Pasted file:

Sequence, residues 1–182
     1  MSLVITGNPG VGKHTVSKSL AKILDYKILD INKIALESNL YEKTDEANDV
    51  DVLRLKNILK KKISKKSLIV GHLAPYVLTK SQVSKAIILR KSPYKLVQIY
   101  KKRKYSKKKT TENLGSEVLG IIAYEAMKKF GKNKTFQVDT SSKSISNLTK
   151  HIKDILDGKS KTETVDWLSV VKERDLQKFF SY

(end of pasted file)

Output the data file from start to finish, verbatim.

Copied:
Sequence, residues 1–182
     1  MSLVITGNPG VGKHTVSKSL AKILDYKILD INKIALESNL YEKTDEANDV
    51  DVLRLKNILK KKISKKSLIV GHLAPYVLTK SQVSKAIILR KSPYKLVQIY
   101  KKRKYSKKKT TENLGSEVLG IIAYEAMKKF GKNKTFQVDT SSKSISNLTK
   151  HIKDILDGKS KTETVDWLSV VKERDLQKFF SY